In a recent issue of Forbes mag­a­zine (May 7th, 2007) sev­er­al authors wrote short essays on the nature of net­works. One of which (titled “90 Years of Net­works” by Aman­da Schu­pak) includes a nifty lit­tle time line of sig­nif­i­cant events in the his­to­ry of net­works and net­work­ing. In the 1991 spot she includes the following:

Finnish pro­gram­mer Linus Tor­valds kicks off open-source move­ment, a sort of wiki of com­put­er code, with a plea for con­tri­bu­tions to Lin­ux oper­at­ing system.

Note care­ful­ly the wording.

Open source is now described as being wiki-like rather than a wiki being described as being open source-like.

Please don’t be tempt­ed to exclaim — but that’s a tau­tol­ogy! a wiki is a sort of open source project. You’d be miss­ing the point. This is about par­a­digm and analo­gies, not about hier­ar­chi­cal typed-classification sys­tems. The more famil­iar object is being used to describe the less famil­iar object. In the view of this writer a wiki is more famil­iar to her read­ers than open source.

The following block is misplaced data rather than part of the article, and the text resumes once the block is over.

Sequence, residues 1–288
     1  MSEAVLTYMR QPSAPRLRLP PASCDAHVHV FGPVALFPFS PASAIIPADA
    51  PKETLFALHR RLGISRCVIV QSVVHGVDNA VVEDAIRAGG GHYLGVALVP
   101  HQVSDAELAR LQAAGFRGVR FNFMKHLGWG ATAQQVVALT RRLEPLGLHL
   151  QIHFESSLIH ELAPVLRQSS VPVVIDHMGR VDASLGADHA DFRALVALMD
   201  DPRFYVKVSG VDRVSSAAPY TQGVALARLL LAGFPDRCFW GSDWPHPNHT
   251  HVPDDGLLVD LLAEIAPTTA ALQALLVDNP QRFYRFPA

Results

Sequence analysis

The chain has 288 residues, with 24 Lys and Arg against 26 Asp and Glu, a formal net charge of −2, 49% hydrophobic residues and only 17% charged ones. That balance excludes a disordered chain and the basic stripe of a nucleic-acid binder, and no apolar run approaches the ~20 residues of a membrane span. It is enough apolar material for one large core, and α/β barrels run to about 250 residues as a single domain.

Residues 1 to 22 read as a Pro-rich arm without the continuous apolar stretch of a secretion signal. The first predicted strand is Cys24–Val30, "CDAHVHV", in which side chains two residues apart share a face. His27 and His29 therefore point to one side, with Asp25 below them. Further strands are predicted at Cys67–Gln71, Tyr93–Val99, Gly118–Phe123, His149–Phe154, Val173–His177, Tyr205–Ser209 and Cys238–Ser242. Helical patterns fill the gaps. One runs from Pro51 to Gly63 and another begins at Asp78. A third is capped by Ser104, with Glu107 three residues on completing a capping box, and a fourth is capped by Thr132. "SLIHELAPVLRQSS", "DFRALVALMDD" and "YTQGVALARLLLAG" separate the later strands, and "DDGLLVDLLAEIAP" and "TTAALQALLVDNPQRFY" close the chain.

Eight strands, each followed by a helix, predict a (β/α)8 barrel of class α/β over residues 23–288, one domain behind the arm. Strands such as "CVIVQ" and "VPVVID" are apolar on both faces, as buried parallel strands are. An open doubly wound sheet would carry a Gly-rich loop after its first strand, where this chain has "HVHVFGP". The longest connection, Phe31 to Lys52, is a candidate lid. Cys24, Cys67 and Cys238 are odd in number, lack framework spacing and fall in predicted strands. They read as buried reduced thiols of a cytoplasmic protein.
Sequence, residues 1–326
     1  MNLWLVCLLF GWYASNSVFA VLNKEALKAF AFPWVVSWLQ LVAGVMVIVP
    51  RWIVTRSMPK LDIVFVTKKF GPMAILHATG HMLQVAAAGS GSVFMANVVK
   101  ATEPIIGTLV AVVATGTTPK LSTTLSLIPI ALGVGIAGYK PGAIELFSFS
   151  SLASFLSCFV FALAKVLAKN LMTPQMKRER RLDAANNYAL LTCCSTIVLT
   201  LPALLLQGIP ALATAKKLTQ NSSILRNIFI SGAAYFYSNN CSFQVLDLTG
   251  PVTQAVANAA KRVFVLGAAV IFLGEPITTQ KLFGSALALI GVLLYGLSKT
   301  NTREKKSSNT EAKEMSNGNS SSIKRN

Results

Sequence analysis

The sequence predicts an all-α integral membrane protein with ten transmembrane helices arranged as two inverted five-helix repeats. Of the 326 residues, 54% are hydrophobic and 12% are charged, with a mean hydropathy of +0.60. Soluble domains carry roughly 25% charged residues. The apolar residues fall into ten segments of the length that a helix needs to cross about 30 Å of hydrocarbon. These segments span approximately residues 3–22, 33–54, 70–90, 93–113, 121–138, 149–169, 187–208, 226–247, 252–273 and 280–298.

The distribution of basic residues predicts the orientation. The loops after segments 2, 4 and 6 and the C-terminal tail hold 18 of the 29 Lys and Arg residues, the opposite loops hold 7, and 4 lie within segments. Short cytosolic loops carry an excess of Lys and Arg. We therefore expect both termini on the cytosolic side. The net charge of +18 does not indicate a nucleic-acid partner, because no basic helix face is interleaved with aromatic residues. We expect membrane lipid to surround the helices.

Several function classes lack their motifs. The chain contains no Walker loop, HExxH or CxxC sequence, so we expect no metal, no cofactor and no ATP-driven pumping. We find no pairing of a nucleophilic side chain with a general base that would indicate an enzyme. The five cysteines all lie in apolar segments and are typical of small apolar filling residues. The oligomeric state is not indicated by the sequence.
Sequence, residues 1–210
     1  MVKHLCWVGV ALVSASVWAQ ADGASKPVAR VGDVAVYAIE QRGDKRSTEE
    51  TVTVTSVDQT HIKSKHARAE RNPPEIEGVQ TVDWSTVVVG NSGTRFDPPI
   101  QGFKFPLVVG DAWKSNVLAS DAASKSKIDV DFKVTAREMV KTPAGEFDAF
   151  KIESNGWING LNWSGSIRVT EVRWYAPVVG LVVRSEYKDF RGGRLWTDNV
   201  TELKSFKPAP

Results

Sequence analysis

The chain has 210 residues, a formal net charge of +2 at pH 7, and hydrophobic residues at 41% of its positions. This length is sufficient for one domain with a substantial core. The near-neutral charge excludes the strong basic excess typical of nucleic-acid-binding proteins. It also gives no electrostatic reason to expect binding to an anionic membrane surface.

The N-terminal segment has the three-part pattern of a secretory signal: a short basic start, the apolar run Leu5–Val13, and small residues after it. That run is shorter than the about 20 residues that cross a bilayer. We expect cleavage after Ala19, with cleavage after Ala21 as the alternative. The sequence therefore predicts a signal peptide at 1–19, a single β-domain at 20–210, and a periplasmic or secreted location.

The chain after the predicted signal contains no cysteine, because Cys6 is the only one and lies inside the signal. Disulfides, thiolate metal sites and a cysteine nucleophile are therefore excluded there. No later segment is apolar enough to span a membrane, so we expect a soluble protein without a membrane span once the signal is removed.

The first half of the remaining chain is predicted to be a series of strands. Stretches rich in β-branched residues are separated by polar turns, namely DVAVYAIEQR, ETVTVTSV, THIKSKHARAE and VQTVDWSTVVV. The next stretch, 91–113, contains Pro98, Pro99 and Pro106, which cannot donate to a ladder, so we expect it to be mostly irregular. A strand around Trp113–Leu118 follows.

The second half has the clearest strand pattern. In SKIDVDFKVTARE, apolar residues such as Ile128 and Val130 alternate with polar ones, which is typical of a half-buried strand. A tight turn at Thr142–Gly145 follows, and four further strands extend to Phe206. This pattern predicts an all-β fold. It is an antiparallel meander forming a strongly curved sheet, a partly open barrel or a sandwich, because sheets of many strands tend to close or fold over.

That grind­ing sound you hear is my world view rub­bing up against the curbing.

PS I’d love to give you a link to the arti­cle but in the three days since I pulled it up to read, it has dis­ap­peared behind the for-pay wall. pfft.